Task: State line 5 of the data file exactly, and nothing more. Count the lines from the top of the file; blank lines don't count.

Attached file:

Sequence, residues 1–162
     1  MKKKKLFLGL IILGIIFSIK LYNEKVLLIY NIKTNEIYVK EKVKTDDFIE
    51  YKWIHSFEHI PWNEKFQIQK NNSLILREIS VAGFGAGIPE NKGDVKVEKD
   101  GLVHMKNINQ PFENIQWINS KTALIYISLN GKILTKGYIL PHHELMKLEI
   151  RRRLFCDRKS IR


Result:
   151  RRRLFCDRKS IR